MumsnetGuestBlogs (MNHQ) Tue 01-Oct-13 11:52:21

BBC4's House of Surrogates - what did you think?

A BBC4 documentary last night explored the ethics of commercial surrogacy in India. Critics accuse Dr Nayna Patel of running a 'baby farm' for childless Western couples; the doctor counters that the sums the surrogates earn will change their lives forever. Read Sarah Ditum on a 'subtly questioning' film - and let us know what you think on the thread.

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Sarah Ditum

Paperhouse

Posted on

Tue 01-Oct-13 11:52:21

(86 comments)

House of Surrogates: tonight (Tuesday), 9pm, BBC4

Humans have two fundamental drives, explains Dr Nayna Patel in House of Surrogates, a carefully observed and subtly questioning documentary about commercial surrogacy in India. We have a drive to reproduce, and a drive to survive. Commercial surrogacy fulfils both of these, says Dr Patel. The client couple get a child, the surrogate gets a life changing sum of money. Who could object to the mutual satisfaction of our most elemental desires?

The fee for the surrogate is paid in instalments through the pregnancy, adding up to $8,000 if the surrogate carries a single baby to term – a little over six times the GDP per capita for India. Vasanti, one of the surrogates and mother to two children of her own, puts it another way: “They’re all here out of their own desperation,” she says, looking at her fellow residents in the dormitory they share.

Dr Patel makes sure the surrogates get much more than just the money, though. For starters, they are given food, medication and accommodation for the duration of the pregnancy. (This isn’t just generosity, of course. Residency is compulsory for women, because controlling their nutrition and sanitation reduces the risk of miscarriage. It’s a way of protecting the clinic’s investment.)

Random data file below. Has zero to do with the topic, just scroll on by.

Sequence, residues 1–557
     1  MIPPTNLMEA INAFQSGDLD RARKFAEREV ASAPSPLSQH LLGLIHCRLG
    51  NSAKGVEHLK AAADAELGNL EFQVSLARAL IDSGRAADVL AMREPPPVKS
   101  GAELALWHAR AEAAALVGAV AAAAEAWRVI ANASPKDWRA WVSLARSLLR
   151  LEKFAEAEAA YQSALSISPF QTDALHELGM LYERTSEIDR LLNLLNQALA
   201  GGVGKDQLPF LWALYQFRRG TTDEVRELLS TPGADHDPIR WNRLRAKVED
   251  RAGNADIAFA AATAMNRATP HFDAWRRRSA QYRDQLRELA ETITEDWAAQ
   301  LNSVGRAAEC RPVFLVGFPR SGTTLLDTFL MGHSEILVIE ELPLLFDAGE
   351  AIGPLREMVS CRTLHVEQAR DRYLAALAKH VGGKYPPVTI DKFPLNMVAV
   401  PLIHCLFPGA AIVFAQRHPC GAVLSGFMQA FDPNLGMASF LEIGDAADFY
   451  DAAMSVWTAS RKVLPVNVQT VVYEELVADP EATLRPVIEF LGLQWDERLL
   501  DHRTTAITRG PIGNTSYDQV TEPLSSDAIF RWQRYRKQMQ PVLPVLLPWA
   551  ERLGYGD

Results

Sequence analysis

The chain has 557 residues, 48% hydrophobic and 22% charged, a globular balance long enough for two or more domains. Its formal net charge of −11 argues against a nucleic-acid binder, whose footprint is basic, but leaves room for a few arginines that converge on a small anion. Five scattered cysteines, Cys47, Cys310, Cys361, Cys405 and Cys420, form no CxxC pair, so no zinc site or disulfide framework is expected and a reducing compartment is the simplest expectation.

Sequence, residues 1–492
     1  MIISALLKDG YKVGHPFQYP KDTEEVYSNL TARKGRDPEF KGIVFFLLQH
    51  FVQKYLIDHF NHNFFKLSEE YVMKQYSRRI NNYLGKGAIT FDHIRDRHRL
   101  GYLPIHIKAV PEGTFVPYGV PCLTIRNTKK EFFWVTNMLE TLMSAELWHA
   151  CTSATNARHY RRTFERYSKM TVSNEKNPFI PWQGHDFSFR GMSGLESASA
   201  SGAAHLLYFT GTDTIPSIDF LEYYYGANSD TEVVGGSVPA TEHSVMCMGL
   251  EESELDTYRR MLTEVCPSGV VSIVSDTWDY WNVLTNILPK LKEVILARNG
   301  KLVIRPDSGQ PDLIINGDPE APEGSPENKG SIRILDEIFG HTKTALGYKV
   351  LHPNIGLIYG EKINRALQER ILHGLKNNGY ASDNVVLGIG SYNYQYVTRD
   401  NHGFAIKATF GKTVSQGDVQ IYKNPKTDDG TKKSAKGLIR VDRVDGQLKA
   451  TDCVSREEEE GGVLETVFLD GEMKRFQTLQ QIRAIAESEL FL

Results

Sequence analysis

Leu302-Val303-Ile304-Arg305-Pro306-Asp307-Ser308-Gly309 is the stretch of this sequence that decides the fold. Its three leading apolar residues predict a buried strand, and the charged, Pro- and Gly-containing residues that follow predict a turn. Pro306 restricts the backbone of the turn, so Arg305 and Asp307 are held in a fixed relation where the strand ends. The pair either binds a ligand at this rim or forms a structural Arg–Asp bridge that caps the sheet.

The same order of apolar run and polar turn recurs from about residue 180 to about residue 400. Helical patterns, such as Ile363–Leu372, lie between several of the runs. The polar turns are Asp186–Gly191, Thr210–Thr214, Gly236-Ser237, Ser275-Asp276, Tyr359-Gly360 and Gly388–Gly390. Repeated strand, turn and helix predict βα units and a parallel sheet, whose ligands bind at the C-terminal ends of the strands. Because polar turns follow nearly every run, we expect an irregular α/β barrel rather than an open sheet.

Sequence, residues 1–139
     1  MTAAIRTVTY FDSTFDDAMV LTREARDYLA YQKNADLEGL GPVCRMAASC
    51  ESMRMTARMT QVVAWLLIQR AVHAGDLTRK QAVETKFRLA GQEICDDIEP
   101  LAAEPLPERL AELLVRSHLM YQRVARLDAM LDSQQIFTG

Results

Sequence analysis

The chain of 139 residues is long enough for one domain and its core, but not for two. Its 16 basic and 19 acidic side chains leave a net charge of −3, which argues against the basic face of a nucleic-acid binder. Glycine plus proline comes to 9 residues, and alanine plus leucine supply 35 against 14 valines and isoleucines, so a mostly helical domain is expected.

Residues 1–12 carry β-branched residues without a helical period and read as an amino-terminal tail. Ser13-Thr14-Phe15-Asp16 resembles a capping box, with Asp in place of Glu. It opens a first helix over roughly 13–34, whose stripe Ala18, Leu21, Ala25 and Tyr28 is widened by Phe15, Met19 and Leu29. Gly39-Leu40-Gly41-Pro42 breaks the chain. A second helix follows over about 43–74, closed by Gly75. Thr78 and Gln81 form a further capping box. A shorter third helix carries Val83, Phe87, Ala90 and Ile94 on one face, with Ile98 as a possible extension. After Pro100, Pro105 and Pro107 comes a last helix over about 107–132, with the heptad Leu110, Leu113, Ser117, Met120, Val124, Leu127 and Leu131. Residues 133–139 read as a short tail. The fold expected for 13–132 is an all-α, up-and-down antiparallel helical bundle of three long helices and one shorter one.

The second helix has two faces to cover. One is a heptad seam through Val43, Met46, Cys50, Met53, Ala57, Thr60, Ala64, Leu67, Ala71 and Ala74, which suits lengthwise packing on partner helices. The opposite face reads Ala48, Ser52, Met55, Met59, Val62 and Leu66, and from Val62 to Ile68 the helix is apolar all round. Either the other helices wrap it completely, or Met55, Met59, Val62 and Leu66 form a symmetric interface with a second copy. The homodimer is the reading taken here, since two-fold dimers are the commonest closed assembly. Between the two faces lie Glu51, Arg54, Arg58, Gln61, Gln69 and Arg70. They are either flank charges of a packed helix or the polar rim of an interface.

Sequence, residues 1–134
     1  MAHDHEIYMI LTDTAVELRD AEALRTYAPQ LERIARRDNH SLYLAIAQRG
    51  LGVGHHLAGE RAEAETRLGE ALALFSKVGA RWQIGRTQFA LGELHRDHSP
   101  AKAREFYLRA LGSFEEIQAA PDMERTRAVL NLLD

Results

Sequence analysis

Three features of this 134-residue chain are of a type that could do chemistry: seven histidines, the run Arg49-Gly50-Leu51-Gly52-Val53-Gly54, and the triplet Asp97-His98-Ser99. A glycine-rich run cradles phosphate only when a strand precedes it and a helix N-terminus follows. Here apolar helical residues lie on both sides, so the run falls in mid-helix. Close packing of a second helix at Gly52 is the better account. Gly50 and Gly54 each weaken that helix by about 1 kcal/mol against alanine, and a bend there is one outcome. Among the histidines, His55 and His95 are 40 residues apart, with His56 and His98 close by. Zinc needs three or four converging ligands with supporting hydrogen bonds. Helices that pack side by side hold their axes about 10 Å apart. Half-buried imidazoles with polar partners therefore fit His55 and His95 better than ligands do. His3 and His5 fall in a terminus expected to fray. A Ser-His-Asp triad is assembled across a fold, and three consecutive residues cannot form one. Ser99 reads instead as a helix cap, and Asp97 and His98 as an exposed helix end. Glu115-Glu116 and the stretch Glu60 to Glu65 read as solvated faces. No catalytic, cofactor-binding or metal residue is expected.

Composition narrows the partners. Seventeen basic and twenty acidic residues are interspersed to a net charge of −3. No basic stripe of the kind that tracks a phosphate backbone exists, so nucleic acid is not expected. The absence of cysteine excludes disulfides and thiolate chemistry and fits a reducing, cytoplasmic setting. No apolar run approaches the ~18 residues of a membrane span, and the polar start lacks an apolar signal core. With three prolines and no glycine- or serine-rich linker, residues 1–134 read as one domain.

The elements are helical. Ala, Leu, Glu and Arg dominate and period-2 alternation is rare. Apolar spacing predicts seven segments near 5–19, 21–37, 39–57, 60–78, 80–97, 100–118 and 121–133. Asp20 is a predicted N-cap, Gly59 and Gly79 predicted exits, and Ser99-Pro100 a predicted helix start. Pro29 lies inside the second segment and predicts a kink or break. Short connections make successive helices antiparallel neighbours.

They get advice, too: Dr Patel isn’t content to turn her surrogates loose with their sudden wealth, and during the film we see her advise her charges on getting bank accounts, purchasing property and disposing of abusive husbands. Dr Patel calls herself a feminist, and I don’t doubt her principles. If you feared seeing a reproductive class that looked something like the brutalised Handmaids of Margaret Atwood’s dystopia, this will be reassuring viewing.

Neither simple exploitation nor an uncomplicated exchange of money for goods and services, commercial surrogacy is where two great needs collide.

At times, House of Surrogates feels like an advert for international sisterhood: this is redistribution by way of the uterus. And then, you catch sight of the profound inequality in which this common womanhood exists. In a consulting room, a Canadian couple size up a prospective surrogate with an agricultural eye: is she sturdy enough, do they trust their precious genetic material to the width of her hips?